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Admit It, NFTs Are Ugly and Expensive

Why would anyone pay US$130,000 for a jpg of this weird creep that has a frostbitten penis dangling off what seems like its face?

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There was once a time when I thought non-fungible tokens were mushroom-based dog biscuits. Nowadays, with a year working in crypto, their definition is slightly clearer to me, but I still have my doubts about how they look and why they’re so ridiculously expensive.

For the “art”? Don’t even try. For the “community”? I think not. Unless community refers to a group of anonymous weirdos on Twitter Broadcast (who will probably never meet each other in real life) grunting and moaning at each other in apparent “goblin” lingo, trying to determine who are the “serious investors”.

“What did the monkey say to the poo poo?” one of the serious investors suddenly bellowed, just as I was still trying to mute the mildly erotic noises coming from my laptop at 10:30 in the morning.

“Burgers”, answered someone very confidently. Everybody else moaned and gargled in appreciation. To think that me and my editors were expecting a serious and informative broadcast confirming the legitimacy of the project. By the way, the project had a free mint – it’s now reached US$25 million in trading volume in little over a week.

If you’re thoroughly confused by what I’ve just written, it’s nothing compared to the mind-boggling amount of money flowing into NFTs. According to data by Chainalysis, over US$37 billion has flown into NFT marketplaces already this year, compared to US$40 billion for the whole of 2021.

The growth of NFTs is unsurprising, considering the fact that it’s undoubtedly one of the most groundbreaking technologies ever to be developed. However, what’s concerning is how far the industry has deviated away from what NFTs are supposed to be – a more transparent way of securing digital and even physical assets on a public network, and a method to ensure fairer compensation in the creator economy.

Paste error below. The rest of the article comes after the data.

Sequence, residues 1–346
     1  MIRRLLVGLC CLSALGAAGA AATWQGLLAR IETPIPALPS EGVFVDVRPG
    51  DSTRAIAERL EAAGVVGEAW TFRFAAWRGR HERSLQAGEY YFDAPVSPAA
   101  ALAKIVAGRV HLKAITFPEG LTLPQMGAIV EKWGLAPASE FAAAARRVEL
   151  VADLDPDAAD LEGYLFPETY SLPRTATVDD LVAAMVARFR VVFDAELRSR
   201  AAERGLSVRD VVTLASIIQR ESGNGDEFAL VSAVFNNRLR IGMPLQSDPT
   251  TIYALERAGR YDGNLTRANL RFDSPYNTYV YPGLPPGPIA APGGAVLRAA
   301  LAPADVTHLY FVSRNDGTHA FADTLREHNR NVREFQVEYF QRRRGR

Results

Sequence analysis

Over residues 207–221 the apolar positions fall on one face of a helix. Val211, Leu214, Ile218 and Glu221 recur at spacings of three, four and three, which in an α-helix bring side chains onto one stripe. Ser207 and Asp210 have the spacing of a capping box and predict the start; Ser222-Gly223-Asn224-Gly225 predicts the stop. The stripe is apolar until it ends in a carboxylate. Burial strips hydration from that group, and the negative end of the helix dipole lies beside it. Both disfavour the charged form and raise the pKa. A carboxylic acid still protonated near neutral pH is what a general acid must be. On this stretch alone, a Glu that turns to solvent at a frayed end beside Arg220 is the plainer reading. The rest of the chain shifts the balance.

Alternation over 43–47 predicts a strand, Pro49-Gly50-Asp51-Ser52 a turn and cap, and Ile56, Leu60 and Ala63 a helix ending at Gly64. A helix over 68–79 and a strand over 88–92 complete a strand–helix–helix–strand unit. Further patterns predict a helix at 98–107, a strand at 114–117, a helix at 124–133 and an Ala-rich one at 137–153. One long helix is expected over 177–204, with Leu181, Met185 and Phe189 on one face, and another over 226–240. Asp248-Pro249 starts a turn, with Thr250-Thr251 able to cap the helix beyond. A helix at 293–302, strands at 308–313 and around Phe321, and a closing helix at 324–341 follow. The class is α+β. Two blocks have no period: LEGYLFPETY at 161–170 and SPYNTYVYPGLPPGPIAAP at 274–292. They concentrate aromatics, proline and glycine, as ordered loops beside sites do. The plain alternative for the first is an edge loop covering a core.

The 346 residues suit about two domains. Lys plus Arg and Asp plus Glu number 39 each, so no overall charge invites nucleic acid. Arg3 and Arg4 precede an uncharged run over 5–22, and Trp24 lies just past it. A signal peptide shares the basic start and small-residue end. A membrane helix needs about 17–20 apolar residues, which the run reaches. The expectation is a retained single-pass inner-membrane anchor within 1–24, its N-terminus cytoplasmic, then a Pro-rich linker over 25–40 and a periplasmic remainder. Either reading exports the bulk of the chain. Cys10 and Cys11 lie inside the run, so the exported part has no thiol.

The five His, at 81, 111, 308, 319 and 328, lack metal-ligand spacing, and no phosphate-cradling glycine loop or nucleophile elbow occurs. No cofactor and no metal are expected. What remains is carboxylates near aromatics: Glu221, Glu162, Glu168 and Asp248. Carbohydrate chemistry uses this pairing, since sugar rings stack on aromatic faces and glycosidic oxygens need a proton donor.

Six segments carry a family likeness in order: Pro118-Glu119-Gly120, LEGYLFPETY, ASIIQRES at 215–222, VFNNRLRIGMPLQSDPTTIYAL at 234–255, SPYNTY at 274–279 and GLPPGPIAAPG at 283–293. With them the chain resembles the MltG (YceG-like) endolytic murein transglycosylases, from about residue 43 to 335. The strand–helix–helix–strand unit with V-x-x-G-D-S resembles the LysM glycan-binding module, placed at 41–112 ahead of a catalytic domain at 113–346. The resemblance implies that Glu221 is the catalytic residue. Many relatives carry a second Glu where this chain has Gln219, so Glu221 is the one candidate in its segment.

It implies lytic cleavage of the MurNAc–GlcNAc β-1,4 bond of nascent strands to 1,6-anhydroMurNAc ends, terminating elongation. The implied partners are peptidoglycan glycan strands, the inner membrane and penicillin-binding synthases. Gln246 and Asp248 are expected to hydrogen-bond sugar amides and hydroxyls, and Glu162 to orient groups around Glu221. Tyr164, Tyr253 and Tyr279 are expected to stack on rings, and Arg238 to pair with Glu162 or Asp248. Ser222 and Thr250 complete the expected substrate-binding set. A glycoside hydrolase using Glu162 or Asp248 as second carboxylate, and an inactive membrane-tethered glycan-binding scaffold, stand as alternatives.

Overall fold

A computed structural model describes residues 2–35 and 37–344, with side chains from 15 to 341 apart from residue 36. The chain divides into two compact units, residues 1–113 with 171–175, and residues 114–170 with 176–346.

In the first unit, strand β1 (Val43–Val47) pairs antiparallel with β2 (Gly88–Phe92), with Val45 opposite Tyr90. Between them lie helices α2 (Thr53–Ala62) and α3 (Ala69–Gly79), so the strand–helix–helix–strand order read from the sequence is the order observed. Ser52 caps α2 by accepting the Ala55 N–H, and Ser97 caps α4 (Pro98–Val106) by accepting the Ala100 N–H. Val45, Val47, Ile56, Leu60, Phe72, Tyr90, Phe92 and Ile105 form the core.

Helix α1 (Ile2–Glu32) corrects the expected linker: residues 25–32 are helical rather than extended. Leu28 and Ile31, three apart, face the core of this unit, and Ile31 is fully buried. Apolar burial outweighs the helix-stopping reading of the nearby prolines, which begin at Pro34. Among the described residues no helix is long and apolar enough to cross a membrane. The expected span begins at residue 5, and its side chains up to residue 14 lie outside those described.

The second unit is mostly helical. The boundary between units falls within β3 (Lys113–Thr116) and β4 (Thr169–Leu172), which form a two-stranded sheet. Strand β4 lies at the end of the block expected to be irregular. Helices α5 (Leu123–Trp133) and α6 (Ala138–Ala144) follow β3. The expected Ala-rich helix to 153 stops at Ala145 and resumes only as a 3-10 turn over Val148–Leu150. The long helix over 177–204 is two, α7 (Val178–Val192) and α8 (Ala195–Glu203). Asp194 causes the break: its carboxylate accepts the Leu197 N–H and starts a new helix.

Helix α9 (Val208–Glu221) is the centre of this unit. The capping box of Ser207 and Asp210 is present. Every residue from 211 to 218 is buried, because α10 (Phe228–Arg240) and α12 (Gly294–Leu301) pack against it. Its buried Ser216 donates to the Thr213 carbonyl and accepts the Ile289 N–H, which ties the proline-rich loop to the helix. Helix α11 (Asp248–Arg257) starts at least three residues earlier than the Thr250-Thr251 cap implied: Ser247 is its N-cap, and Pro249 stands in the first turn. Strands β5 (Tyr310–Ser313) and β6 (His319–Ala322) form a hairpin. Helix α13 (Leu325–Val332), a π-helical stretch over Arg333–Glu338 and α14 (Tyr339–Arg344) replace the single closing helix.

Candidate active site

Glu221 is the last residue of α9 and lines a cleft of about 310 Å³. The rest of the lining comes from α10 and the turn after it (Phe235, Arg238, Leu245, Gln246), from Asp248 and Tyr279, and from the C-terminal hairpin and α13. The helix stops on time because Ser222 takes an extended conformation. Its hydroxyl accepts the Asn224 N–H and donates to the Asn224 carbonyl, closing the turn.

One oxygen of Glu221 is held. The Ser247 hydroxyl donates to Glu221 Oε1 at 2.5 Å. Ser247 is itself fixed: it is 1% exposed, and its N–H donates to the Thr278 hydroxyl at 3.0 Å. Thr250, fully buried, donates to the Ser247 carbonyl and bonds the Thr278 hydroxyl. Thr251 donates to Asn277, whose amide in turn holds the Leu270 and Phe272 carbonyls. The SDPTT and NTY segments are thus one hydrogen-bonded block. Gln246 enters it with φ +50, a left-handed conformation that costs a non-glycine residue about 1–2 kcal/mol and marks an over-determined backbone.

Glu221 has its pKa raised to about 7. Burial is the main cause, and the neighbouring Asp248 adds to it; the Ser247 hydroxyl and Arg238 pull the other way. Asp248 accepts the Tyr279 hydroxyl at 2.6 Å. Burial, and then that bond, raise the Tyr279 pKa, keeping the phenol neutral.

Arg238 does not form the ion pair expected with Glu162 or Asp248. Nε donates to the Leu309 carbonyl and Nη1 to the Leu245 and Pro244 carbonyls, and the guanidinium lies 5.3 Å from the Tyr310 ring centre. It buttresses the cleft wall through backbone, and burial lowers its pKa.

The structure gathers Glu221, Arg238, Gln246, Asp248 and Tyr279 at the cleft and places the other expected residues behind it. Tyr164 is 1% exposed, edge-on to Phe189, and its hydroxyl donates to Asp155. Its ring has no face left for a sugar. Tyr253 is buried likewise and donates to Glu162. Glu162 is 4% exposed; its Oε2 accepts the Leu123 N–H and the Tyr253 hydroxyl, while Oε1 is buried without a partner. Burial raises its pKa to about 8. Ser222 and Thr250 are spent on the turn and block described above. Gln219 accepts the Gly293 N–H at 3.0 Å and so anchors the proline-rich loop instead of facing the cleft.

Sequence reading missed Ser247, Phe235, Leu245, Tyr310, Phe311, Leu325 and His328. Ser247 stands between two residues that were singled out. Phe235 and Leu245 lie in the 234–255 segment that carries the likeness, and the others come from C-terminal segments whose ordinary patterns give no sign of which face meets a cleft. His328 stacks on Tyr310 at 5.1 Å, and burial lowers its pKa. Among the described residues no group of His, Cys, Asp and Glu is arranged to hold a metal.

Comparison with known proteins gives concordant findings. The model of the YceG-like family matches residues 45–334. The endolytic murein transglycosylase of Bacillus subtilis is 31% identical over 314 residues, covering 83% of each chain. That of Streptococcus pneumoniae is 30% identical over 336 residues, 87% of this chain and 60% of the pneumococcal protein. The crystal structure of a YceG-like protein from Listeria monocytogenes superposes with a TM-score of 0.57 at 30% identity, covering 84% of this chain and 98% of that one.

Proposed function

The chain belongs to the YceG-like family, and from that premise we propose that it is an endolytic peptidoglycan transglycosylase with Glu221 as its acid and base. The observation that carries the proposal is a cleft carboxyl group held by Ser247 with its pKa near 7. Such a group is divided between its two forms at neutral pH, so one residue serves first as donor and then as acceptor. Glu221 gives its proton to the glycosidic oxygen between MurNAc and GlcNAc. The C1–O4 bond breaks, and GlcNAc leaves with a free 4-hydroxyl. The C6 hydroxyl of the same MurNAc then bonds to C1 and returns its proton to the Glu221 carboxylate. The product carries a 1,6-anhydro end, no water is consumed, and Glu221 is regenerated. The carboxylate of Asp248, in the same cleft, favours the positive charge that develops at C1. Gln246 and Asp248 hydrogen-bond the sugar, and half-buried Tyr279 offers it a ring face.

What’s concerning is how far the industry has deviated away from what NFTs are supposed to be.

Call me a boring party-pooper that will never get rich off crypto, but it’s actually comical how pathetically desperate the NFT industry and its investors have become. There is no longer a need to create something that at the very least, is aesthetically pleasing. Rather, every Tom, Dick, and Harry that might have once taken a few lessons on Adobe Illustrator is rushing to generate random pictures of pixelated or poorly-drawn scribbles of animals and i-don’t-even-know-what-is-that objects. And as long as these projects have a “solid” roadmap boasting good “community” and “utility”, crypto Twitter will inevitably generate enough FOMO to send them to the moon (and back, eventually).

Just look at Moonbirds, an NFT project that we’ve previously covered. This demented owl with a Microsoft Paint-like rainbow above its head sold for 265 ETH, more than US$800,000 at that time.